Risk of vision loss in patients with cytomegalovirus retinitis and the acquired immunodeficiency syndrome

Research output: Contribution to journalArticle

Abstract

Objective: To characterize the effect of cytomegalovirus (CMV) retinitis and its treatment on visual acuity in patients with the acquired immunodeficiency syndrome. Methods: We evaluated 648 consecutive patients with the acquired immunodeficiency syndrome at 1 center for the prevalence of visual impairment at the time of CMV retinitis diagnosis and for the incidence of visual impairment across time. Results: Among affected eyes, the prevalence of a visual acuity measurement of 20/50 or worse or 20/200 or worse at the time of CMV retinitis diagnosis was 33% and 17%, respectively. White race and injection drug use were associated with a lower and a higher prevalence of visual impairment, respectively. At 1 year, the cumulative incidence of loss of 3, 6, and 10 lines of visual acuity was 42%, 30%, and 23%, respectively, and the incidence of visual impairment to the level of 20/50 or worse and 20/ 200 or worse was 34% and 24%, respectively. Patients who received highly active antiretroviral therapy had an approximately 75% lower risk of visual impairment, with the greatest benefit among those observed to have immune recovery. The incidence of loss of visual acuity did not significantly differ between eyes treated with systemic anti-CMV therapy only, initial ganciclovir implant therapy, or systemic followed by implant therapy. Conclusions: The prevalence of visual impairment at the time of CMV retinitis diagnosis is high and varies according to demographic characteristics. The incidence of visual impairment during follow-up is also high but is substantially lower among patients who receive highly active antiretroviral therapy, especially those observed to have immune recovery.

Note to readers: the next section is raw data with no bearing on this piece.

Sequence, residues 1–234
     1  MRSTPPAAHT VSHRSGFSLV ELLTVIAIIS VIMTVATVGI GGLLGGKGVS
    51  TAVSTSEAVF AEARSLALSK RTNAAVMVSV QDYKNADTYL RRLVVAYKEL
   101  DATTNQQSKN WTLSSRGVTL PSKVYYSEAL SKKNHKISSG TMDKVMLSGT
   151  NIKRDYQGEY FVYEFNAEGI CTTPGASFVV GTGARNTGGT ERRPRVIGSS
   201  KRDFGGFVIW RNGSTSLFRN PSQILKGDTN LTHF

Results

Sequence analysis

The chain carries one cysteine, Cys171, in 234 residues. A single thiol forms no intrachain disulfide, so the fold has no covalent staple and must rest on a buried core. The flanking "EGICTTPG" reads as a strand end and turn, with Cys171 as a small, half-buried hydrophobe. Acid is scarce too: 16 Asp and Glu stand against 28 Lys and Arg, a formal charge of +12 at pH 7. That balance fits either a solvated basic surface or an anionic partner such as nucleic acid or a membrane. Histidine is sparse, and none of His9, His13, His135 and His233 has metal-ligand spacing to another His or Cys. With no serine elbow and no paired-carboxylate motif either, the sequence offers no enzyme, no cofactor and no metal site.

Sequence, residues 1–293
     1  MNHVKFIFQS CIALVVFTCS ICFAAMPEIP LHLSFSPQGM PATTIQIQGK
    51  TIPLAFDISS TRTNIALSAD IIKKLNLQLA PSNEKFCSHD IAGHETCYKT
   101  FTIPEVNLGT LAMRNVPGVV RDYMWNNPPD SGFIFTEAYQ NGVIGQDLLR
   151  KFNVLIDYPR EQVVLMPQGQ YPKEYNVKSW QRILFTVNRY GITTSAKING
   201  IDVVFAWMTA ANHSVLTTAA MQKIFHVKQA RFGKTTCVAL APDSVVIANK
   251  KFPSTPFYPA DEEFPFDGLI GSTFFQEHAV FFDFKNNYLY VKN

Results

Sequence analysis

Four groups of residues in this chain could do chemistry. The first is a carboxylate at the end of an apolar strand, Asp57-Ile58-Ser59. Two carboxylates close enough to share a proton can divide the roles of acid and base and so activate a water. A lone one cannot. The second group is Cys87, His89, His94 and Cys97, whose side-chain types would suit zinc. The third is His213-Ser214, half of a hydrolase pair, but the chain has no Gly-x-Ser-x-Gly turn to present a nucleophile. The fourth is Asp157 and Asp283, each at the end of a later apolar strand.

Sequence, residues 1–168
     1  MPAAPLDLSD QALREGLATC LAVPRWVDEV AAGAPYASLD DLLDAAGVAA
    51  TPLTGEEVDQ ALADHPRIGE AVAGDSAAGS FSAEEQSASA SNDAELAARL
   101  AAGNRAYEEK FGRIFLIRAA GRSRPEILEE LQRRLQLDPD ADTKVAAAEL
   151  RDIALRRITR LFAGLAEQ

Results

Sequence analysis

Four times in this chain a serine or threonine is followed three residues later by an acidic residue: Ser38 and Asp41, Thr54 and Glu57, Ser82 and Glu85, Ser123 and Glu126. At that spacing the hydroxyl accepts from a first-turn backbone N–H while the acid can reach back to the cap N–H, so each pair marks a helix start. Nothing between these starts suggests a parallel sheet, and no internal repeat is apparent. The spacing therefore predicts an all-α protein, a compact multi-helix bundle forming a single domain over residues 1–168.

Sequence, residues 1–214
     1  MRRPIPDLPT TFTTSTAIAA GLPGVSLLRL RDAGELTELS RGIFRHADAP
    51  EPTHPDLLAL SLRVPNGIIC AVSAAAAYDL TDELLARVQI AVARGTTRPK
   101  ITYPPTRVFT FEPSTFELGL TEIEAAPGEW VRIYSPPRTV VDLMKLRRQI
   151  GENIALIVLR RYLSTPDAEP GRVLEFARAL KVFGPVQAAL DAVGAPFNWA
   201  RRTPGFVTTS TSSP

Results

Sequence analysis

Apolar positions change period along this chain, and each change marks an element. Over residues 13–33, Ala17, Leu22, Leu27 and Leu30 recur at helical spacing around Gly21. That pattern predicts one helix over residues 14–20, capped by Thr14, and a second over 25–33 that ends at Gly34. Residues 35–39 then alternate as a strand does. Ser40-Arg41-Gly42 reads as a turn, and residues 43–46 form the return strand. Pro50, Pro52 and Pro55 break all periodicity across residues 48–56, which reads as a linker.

Original languageEnglish (US)
Pages (from-to)466-476
Number of pages11
JournalArchives of ophthalmology
Volume121
Issue number4
DOIs
StatePublished - Apr 1 2003

ASJC Scopus subject areas

  • Ophthalmology

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